Tuesday, April 17, 2018
On March 16, two escalator outages essentially knocked out access to a significant node in Seattle's transit network. In a post on Seattle Transit Blog's community blog, I discussed how Spontaneous Accessibility can be used to assign a monetary cost to such an event. Any mitigation or preventative measure is going to have a cost; how can the right one be chosen unless the cost of the precipitating event is known as well?
Monday, February 26, 2018
Though it's been several months since the last post on the blog, work on Spontaneous Accessibility measurement has been anything but stagnant. Here are the highlights:
- Measuring Spontaneous Accessibility for Iterative Transit Planning, a paper covering, in greater formality, many of the topics discussed on the blog, was accepted for presentation and publication by the National Academies of Sciences, Engineering, and Medicine's Transportation Research Board (TRB). It also was selected by the TRB's Committee on Transit Capacity and Quality of Service as the best paper that the committee reviewed in 2018. Presentation occurred at the Transportation Research Board Annual Meeting in January and the paper will be published later this year in the Transportation Research Record.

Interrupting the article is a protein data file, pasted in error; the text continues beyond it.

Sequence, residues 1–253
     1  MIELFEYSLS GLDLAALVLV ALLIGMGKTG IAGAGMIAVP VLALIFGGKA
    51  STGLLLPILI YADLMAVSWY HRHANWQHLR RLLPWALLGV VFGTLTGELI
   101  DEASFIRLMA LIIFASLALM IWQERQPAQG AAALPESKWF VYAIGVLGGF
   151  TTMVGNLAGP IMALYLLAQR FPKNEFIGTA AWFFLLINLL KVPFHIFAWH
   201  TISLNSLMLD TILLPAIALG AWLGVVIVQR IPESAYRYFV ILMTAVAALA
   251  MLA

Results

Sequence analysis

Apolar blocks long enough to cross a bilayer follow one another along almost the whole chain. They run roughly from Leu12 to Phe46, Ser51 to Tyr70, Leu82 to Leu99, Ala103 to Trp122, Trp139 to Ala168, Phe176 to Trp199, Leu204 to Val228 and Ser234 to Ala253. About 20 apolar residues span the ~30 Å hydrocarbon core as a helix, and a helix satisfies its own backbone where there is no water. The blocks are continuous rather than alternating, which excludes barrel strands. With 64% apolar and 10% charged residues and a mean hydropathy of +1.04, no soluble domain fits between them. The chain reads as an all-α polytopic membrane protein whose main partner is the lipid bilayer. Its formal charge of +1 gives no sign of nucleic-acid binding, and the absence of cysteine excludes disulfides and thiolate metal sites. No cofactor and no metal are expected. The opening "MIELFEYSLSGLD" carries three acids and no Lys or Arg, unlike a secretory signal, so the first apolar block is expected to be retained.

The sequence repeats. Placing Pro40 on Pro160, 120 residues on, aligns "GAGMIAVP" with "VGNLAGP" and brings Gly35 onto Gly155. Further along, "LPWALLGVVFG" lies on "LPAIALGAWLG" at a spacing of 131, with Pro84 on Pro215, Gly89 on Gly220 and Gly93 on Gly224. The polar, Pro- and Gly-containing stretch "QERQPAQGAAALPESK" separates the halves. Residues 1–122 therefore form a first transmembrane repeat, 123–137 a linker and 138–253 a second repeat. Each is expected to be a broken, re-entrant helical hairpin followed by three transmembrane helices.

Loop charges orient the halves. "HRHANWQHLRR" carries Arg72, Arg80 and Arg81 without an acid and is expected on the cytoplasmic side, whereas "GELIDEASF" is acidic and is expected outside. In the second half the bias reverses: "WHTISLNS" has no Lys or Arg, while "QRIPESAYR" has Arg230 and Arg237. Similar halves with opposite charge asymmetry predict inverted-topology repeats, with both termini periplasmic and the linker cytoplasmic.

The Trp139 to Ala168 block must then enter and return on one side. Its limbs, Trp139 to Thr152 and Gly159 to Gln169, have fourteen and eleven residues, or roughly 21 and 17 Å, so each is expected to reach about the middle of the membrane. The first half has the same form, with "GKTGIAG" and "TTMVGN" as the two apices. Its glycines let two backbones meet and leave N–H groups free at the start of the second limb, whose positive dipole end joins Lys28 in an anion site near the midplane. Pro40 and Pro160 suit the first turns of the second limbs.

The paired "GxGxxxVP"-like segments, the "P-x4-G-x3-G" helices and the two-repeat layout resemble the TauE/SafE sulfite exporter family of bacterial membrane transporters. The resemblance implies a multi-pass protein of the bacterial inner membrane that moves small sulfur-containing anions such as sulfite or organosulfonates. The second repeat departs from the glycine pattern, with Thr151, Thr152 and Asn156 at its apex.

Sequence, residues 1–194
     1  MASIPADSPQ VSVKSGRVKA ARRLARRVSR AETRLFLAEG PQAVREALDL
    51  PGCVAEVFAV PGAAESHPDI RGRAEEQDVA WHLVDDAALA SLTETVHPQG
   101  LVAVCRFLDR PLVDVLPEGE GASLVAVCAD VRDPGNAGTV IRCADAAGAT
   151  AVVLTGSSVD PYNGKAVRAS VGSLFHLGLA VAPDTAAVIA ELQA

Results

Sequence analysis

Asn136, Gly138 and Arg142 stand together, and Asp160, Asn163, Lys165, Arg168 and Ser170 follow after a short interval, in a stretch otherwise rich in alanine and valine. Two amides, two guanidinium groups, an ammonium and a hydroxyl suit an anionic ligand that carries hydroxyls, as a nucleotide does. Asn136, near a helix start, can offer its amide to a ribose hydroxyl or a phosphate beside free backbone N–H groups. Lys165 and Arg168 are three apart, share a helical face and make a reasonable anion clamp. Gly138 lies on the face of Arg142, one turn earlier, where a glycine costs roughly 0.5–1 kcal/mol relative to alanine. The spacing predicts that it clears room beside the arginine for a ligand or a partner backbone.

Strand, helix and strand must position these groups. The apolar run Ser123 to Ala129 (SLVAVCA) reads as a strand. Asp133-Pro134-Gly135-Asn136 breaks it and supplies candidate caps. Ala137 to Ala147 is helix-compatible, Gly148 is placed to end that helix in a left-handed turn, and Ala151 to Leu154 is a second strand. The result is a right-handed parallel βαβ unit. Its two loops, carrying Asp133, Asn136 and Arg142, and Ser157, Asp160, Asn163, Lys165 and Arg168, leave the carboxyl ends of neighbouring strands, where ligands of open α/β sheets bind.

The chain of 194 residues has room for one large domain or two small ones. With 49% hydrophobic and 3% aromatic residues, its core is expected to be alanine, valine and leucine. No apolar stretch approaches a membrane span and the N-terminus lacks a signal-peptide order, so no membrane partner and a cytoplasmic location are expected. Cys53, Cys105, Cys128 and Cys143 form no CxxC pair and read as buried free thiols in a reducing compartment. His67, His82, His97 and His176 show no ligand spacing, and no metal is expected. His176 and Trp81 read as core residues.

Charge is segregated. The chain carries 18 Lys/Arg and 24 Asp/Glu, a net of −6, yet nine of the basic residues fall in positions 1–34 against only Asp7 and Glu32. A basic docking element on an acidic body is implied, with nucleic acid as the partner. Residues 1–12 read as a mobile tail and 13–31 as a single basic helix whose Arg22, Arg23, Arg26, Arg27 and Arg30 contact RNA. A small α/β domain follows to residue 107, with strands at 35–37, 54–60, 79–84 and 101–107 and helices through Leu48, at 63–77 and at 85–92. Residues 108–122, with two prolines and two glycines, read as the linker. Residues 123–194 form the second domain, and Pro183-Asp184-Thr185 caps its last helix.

- The ScoreGenerator software has received many updates. Most important have been changes to ensure the generation of consistent Spontaneous Accessibility measurements for the same data. The previous inconsistencies were small: typically a single-digit amount in several million opportunities. Eliminating them ensures that when the ScoreGenerator is used comparatively, it measures the changes to the network, and only those changes.
- Spontaneous Accessibility analyses on cities other than Seattle are underway.
- I have started experimentation with a configuration language for describing modifications to transit networks. This simple and precise language opens up the possibility for rapid testing of hypothetical network changes.
With the paper written and the software enhancements in place, I'm looking forward to running new Spontaneous Accessibility experiments, and of course, blogging about them here.